Qatar on target

If the Qatari channel sustains its current level of development then it is poised to pass a notable milestone by the close of 2007. Anything constituting low double-digit growth or higher will propel the value of the Qatar market to in excess of US$350m a year. It's little wonder, then, that vendors are taking careful aim at this riveting landscape.

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By  Andrew Seymour Published  August 15, 2007

Qatar might only rank as the Gulf's fourth largest market, but it is showing more than enough potential to keep the technology hordes interested. As vendors rapidly step up their investments in line with the soaring growth being recorded in certain vertical sectors, the net worth of the Qatari market continues to swell.

Qatar already boasts a larger IT industry than Middle East neighbours Bahrain, Oman and Jordan, and has its sights set on emulating the Kuwaiti market, which is now worth more than US$600m a year. Having grown accustomed to GDP growth rates north of 8% a year, and with revenues from the non-oil sector making an even greater contribution to the economy, Qatar has quickly become one of the Gulf's most alluring markets.

Like many growing markets, investment tends to be made on front line offerings. For example, financial services will invest in front office systems and customer marketing to gain market share.

Last summer's Asian Games - hosted in the capital city Doha - catapulted Qatar into the limelight and more importantly led to an unprecedented level of investment in technology infrastructure. A wealth of IT projects were gobbled up by local and international companies eager to make the most of such a glorious opportunity.

"The highlight of the year was the Doha Asian Games and as we got closer that's when we saw a large number of systems on the client side - meaning desktops and notebooks - being deployed across events relating to the games," reflected Omar Shihab, research manager PC programme for the Middle East and Africa at analyst firm IDC. "This, plus a number of projects that we saw within the main sectors such as oil and gas, definitely drove part of the desktop market," he said.

Even markets renowned for consuming much larger volumes, such as the UAE and Saudi Arabia, couldn't match the level of PC growth registered in Qatar last year. Desktop PC shipments bounded an impressive 25% year-on-year to almost 56,000 units while notebook growth of 81% outstripped every other territory in the GCC, according to data from IDC. This rapacious demand for laptops has dramatically changed the composition of the Qatari PC space. A staggering 58% of the market now consists of mobile PCs compared with just 33% the previous year.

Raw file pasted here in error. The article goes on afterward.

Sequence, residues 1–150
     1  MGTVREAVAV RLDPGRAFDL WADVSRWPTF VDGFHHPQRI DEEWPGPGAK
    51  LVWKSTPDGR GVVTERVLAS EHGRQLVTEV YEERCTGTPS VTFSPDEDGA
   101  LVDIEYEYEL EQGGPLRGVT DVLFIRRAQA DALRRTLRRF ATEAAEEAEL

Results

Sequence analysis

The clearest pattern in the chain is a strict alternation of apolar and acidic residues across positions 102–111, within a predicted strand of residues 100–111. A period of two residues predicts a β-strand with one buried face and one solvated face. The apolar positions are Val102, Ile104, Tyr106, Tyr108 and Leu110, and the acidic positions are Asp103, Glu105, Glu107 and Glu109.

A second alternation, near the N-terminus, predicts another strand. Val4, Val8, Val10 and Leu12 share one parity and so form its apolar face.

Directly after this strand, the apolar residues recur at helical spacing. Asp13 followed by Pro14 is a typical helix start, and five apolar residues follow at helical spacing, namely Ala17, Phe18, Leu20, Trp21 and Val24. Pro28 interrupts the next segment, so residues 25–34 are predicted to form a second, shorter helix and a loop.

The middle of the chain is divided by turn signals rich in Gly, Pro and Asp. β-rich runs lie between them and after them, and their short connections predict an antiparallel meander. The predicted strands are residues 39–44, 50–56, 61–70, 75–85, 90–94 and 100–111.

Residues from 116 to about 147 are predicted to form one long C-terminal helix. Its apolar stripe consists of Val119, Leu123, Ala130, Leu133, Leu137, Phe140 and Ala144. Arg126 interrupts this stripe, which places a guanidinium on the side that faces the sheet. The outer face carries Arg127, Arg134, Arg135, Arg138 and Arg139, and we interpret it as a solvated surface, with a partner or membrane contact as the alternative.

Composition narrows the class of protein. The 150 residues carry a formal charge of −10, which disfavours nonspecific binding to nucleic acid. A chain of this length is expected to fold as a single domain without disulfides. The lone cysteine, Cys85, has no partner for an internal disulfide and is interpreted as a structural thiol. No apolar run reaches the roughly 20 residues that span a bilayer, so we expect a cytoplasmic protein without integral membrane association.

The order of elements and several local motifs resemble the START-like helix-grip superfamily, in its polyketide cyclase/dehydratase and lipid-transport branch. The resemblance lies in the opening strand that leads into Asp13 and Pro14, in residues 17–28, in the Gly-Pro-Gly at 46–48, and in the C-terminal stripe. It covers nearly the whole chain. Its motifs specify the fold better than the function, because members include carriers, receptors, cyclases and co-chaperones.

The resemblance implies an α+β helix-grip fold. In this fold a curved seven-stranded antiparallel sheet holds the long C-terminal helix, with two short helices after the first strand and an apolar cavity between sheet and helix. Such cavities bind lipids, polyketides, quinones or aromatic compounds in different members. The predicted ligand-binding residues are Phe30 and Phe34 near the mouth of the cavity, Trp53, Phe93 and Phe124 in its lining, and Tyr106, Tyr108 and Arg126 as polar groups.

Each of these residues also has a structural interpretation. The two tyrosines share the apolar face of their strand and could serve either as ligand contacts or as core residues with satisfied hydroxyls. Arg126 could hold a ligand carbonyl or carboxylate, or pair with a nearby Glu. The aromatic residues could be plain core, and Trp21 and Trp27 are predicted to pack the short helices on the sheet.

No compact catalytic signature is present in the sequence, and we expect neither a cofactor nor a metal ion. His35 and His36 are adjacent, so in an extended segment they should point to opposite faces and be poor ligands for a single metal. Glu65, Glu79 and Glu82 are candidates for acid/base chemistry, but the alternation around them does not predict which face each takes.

The Qatari market has undoubtedly reached a vital stage of its evolution as SMB companies join larger enterprises in demonstrating a healthy appetite for technology. Products in the VoIP and security categories, for example, remain popular as organisations seek technology that will both enhance and safeguard their business.

The challenge facing many vendors operating in this market is how to educate customers on making the right long-term decisions when it comes to investing in technology. "Like many growing markets, investment tends to be made on front line offerings," said Derek Morrison, regional manager at performance management software vendor Cognos Middle East. "For example, financial services will invest in front office systems and customer marketing to gain market share. Our role as a domain expert is to illustrate and demonstrate that proper investment in performance management will ensure that growth objectives, and most importantly balance sheet and profitability objectives, can be more strategically managed to provide a clear platform for growth."

Software counterpart Microsoft also expects the market to develop considerably in the coming years and claims it is promoting ways for the local channel to be more self-sufficient. "In the UAE channel, partners also have certain intellectual property whereas here in Qatar most of the channel are solution brokers with limited IP,' said Mohammad Hamoudi, Qatar country manager at software giant Microsoft. "There is a strong trading mentality, but that is evolving. One of the key joint activities we are looking to start is about creating a local software economy. This economy will create companies that develop intellectual property that they can implement here in the country, but also take elsewhere."

At close to US$350m a year, the Qatari market isn't yet large enough for some vendors to commit anything more than a token presence. 3Com, for instance, has a country manager in place to look after channel activities on the ground, but doesn't yet feel the need to open a fully-staffed office.

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